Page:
Show your heart some love. In addition to hosting Valentine’s Day, February is also American Heart Month. With developments in technology, monitoring heart health is something people can do not only during February, but also throughout the year. Two area cardiologists assess the use of smart devices for detection and management of cardiac conditions.
The Evolution of Smart Technology
Dr. Tomas Ayala of the Heart Center at Mercy Medical Center has long suggested patients use tools to monitor cardiac health, “even going back to digital pedometers and fitness trackers,” he says. These devices encourage wearers and keep them accountable. “The American College of Cardiology recommends 150 minutes a week of moderate intensity aerobic exercise. Fitbit and smartwatches help us track progress and remain motivated; they also make it more difficult to ‘lie’ to ourselves.”
Technology has gotten much more sophisticated since early pedometers, notes Ayala. “We now have wrist-based devices that can give us not just heart rate and steps, but heart rhythm information, oxygen saturation, sleep quality information and even blood pressure.”
Dr. Vincent See is a cardiologist and cardiac electrophysiologist at the University of Maryland Medical Center and assistant professor of medicine at University of Maryland School of Medicine. In his work, See often encounters patients who use smart devices.
“Some may be used to monitor heart rate and even detect abnormal heart rhythms. A few of them are FDA approved to do electrocardiogram screening for arrhythmias, especially atrial fibrillation (AFib),” he reports.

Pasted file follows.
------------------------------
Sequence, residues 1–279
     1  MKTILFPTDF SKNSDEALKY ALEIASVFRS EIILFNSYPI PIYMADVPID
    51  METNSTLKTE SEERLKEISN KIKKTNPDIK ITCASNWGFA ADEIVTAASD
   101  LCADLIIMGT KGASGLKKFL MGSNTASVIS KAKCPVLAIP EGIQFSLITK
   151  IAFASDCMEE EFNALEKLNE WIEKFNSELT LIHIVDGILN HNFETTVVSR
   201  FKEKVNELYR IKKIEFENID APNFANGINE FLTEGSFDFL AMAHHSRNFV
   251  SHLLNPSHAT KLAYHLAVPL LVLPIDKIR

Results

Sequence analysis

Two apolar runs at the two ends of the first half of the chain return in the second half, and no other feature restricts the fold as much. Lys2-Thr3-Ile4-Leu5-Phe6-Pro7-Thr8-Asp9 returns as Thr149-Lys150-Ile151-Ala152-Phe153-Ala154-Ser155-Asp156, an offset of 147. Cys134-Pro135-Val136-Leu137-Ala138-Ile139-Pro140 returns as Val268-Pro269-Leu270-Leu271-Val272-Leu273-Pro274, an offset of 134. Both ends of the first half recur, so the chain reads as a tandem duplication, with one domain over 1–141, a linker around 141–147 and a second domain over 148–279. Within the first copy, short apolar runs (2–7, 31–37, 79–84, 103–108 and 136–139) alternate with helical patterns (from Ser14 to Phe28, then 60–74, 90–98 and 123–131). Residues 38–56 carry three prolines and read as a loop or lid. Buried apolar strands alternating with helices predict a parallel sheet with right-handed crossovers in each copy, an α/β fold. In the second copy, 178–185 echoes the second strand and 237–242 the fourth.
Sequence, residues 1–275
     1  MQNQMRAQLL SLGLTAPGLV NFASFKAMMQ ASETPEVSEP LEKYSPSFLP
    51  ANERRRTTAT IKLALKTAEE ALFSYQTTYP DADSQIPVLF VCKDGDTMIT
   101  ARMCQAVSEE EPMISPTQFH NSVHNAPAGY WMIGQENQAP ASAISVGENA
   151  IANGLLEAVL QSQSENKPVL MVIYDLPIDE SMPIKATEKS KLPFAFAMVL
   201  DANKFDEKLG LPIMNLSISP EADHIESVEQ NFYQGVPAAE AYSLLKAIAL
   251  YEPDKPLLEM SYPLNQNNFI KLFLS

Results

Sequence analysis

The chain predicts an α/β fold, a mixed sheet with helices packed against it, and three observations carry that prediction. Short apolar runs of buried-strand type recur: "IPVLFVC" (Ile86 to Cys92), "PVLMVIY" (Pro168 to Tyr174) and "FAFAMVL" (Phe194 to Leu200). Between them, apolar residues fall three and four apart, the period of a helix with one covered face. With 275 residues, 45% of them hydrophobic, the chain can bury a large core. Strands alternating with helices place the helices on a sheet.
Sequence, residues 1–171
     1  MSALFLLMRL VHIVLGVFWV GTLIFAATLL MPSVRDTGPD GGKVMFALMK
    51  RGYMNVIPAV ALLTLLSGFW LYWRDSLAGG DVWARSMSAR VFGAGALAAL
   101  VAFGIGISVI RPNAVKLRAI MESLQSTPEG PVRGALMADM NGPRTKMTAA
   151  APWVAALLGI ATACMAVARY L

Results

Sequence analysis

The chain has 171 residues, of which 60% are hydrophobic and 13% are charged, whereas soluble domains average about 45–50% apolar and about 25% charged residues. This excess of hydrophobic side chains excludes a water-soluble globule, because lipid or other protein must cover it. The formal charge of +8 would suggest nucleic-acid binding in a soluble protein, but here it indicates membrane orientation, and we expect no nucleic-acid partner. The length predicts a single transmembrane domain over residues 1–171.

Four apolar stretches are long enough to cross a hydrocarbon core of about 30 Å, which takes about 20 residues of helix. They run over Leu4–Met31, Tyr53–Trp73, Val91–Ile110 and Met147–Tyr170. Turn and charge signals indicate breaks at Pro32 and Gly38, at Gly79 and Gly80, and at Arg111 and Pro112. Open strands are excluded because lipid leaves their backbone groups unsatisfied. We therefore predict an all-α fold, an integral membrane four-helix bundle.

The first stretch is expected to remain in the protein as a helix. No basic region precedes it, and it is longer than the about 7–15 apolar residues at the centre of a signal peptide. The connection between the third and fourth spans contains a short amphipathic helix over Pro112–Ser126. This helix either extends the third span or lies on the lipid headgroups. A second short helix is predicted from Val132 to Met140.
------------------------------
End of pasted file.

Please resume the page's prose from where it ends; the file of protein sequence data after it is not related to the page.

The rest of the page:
Beyond reading rhythms, these smart devices can monitor daily routines, track activity and diet, send reminders to modify activity or take medications and serve as a portal for patient education and messaging. “Their use by patients young and old seems to be growing with time and has likely increased since COVID-19 hit us.”
Enhancing User Experience and Data Reporting
Increasing use of smart technology seems a natural progression in today’s society. Is age a factor in the inclination to use it? Some people assume that smart device user demographics skew heavily toward younger patients.
“I think there has been a bias that older people don’t adopt new technology,” says See. “We’ve gotten some pushback that ‘patients with atrial fibrillation are older and may not use smartphones as much.’ While that is true for some, there is wider use than a few years ago and more than many people think. In 2017, the Pew Research Center reported that four in 10 adults older than 65 owned smartphones, which was double from 2013. Our own recent data found that 95% of our patients with atrial fibrillation own smartphones, 15% use lifestyle-related apps, and 71% are open to using smart devices for health purposes.”
The Apple Watch has been a significant player in the increased use of smart devices, according to Ayala, although he notices that some people are intimidated by the more advanced functionality of these devices. “As with any new technology, I am confident that user experience and comfort will continue to improve.”
Ayala recalled an example when smart technology made a meaningful difference for a patient. “Last year, a young woman was having episodes of rapid heart rate that caused her to feel lightheaded. She had worn a heart monitor for a few weeks, but the episodes were infrequent enough that nothing showed up.” It was her Apple Watch that captured her heart rhythm during an episode. “I was able to use that information to make a diagnosis and provide treatment options.”
In another case, Ayala says, “I saw a young man who kept having uncomfortable palpitations. I had him wear a heart monitor, and while we saw a few extra beats, there was nothing to explain his symptoms. I suggested that he look into a portable EKG monitor manufactured by Kardia. He purchased it and showed up at my office a few weeks later with printouts from his monitor showing the heart rhythm abnormality that was troubling him.”